I'm not selling my old pse stinger until I kill something with it,So until then I'll just keep working on getting better with my own hunting skills

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most people shooting out to 100 are using slider type sights such as the black gold ascent, cbe tek hybrid, spot hogg boss hogg, etc....they have 3, 5, or 7 pins and the last pin is used as the slider. the whole housing moves down and you can make sight tapes or your own marks for the extended yardages. shot my last slider out to 135 yards, fun but they do have people shooting at animals further and further and wounding more and more. just my opinion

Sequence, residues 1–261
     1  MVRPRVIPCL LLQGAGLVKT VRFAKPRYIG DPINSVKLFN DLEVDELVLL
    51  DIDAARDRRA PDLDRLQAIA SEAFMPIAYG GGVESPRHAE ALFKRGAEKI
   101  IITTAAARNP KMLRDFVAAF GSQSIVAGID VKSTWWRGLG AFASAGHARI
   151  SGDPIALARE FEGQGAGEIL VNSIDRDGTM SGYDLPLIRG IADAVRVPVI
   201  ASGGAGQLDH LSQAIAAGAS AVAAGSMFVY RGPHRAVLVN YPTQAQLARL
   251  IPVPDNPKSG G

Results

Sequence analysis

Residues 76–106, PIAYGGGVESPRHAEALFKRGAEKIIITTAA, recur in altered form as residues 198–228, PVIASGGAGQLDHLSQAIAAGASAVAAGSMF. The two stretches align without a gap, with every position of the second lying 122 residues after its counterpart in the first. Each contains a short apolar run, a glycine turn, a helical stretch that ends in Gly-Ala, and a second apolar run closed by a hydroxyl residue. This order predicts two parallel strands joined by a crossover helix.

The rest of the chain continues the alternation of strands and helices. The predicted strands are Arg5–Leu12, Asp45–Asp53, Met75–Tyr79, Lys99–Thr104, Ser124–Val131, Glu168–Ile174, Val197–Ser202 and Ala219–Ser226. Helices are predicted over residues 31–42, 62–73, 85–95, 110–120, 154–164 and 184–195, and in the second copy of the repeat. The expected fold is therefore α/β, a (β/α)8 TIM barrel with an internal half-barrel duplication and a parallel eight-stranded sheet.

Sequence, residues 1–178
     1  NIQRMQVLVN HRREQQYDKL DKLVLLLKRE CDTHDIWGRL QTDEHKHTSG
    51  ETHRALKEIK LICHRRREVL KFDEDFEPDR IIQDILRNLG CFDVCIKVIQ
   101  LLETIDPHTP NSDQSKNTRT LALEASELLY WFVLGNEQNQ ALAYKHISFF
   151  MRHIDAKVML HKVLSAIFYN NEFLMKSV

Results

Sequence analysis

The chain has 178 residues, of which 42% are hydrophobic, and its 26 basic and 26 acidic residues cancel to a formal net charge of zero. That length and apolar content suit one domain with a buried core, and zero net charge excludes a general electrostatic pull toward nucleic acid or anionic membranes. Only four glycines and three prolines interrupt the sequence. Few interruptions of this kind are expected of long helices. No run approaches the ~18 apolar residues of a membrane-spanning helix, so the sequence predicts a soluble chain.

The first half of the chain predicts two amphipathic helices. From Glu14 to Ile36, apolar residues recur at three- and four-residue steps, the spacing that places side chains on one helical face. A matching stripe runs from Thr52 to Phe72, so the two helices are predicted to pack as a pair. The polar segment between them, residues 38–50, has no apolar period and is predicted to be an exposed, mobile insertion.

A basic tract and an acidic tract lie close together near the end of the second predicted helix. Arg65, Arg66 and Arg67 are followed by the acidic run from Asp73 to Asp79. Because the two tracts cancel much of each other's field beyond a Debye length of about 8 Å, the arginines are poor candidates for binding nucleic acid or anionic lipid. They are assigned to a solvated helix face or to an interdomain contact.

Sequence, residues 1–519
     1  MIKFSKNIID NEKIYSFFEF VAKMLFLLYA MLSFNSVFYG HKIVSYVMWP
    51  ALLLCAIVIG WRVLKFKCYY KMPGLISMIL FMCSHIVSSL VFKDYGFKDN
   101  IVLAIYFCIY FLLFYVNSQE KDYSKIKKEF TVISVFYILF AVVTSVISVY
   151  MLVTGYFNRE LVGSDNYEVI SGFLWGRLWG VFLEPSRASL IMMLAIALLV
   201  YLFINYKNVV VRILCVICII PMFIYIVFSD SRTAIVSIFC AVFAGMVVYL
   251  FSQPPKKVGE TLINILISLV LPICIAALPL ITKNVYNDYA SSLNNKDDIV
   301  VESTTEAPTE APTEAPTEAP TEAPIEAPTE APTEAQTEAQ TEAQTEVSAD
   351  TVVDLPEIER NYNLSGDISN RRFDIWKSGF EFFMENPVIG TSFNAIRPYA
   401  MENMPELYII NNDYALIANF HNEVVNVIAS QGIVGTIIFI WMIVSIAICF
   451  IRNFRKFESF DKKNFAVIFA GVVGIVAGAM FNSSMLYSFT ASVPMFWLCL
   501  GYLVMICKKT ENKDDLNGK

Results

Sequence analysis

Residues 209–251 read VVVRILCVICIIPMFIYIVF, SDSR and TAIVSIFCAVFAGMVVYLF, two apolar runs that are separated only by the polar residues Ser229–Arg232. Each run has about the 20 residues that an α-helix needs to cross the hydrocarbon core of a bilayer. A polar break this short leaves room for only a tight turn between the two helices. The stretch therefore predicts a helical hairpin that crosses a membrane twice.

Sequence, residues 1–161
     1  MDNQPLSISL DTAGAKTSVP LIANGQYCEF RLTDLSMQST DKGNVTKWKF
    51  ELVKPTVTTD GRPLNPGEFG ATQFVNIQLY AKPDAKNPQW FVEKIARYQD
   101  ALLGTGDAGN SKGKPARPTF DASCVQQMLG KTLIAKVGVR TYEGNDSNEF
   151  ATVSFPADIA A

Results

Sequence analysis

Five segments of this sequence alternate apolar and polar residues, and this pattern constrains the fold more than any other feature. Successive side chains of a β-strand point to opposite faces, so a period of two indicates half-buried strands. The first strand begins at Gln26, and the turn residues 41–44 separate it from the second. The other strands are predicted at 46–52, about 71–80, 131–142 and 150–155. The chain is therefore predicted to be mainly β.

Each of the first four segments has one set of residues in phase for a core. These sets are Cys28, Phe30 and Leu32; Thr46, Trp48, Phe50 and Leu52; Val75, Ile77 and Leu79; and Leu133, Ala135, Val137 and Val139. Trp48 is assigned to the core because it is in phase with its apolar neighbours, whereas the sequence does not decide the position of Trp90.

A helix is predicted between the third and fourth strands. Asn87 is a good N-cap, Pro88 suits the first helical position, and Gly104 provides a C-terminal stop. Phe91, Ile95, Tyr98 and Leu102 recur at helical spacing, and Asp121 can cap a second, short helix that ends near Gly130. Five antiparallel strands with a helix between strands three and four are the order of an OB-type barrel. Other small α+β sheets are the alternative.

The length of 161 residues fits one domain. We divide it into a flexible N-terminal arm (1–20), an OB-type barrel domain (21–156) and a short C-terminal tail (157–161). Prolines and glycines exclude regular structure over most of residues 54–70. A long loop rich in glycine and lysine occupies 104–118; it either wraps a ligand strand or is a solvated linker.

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If your bow is rated at 305 fps your actual speed is probably 250-265fps. My bow is rated 345fps and 70lbs. My draw weight is at 72 and 29.5 draw only getting about 300. Anyway to the point I use a black gold ascent slider site it is 5 pin. My fifth pin is a floater pin I can dial out to 100. Some people also stack their pins. It's a way of figuring out hold overs with you pins. Because mathematically all the pins should be the same distance apart.

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Bow, tuning, sight, practice, practice, practice.

 

A 6 inch group at 120 is very doable with some money, time and dedication.

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I saw that video with cam hanes shooting to 140, he had to sight off of the top of his sight bubble level. If you slid most sights down to 140 your arrow will hit it. Cam was also shooting 90 lbs draw.